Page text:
Norm Yost and Kate Griffith are the proprietors of Flying Goat, which Norm started in 2000. He chose the fanciful name because of his two pet Pygmy goats and their gymnastic antics. Norm has been making wine for over 30 years, serving stints in Oregon's Willamette Valley, the Russian River and now Santa Barbara County. He makes several Pinots, a Pinot Gris from Santa Maria Valley, and some interesting sparkling wines, including the Pinot Blanc based sparkler they poured at this tasting. I was most impressed, however, by the 2008 Pinot from the Rio Vista Vineyard. Rio Vista is the easternmost vineyard in the Sta. Rita Hills AVA. Flying Goat receives clones 2A, 115, 667 and 777 from Rio Vista. From this fruit they make three clonal-designate wines–clone 2a, clone 667 and a Dijon clone blend. The very floral Rio Vista poured at this tasting was from clone 2A.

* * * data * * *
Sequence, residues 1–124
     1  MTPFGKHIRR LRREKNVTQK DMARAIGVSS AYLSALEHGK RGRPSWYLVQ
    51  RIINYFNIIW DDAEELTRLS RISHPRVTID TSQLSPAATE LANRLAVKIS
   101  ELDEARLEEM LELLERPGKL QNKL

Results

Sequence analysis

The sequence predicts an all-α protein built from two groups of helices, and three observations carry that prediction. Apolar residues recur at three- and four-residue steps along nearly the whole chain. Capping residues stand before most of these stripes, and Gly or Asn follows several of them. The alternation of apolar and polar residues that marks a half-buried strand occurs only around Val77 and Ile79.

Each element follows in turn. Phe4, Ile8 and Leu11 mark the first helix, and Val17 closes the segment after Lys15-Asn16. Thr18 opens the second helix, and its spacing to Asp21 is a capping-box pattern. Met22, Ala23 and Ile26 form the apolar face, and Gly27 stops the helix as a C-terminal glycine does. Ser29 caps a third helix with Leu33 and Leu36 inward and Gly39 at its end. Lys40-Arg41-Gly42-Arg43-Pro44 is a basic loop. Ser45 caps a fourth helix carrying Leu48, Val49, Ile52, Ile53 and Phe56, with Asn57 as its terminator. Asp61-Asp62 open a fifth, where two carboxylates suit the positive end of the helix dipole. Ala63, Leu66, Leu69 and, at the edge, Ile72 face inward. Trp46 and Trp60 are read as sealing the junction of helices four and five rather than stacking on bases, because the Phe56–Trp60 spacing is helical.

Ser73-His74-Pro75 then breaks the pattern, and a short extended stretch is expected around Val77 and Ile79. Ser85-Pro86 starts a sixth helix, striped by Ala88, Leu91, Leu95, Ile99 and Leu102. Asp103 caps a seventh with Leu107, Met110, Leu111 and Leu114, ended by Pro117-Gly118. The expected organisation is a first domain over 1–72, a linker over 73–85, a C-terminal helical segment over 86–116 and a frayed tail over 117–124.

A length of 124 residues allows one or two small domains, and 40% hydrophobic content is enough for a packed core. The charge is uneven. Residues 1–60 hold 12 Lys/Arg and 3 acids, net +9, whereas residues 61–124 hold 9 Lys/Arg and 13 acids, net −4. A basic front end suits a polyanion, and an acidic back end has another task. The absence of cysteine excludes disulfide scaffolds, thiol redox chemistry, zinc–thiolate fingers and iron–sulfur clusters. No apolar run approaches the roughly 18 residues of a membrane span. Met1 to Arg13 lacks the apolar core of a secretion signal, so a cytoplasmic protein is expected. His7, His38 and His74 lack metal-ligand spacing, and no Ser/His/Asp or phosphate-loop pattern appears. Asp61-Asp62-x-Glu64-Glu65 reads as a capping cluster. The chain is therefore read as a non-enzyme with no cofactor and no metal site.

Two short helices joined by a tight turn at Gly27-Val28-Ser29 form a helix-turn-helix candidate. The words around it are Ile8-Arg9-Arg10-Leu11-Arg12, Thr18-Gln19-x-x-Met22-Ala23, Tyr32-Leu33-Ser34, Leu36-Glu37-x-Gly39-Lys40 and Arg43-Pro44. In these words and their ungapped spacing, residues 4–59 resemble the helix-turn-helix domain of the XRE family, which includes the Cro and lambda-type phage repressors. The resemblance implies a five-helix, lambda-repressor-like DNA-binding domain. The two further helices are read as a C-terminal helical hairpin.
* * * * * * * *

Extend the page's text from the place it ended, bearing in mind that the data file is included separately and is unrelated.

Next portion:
The proprietor here is Deborah Hall, pictured above. She makes a tiny amount of wine, just 300 cases a year. The wines are quite pricey, but good. The bottles she uses are uniquely shaped and handblown. Since I don't buy wine for the bottles, that feature frankly does nothing for me, but would make it hard to fit her wines in the cellar if one were to buy them. The Pinot was good, but doesn't really stand out enough to justify its $95 price tag. More interesting to me is Deborah's homage to California history with her fortified bottling from old Mission grapes. I've had old Angelica from over a hundred years ago, and this Angelica, which is supposed to come from grapes planted as long ago as 1887--claimed to be the oldest vineyard in Santa Barbara County--is a very respectable version in that tradition. At $130 for a half bottle, though, there are even more special sweet wines that I'd buy before this one.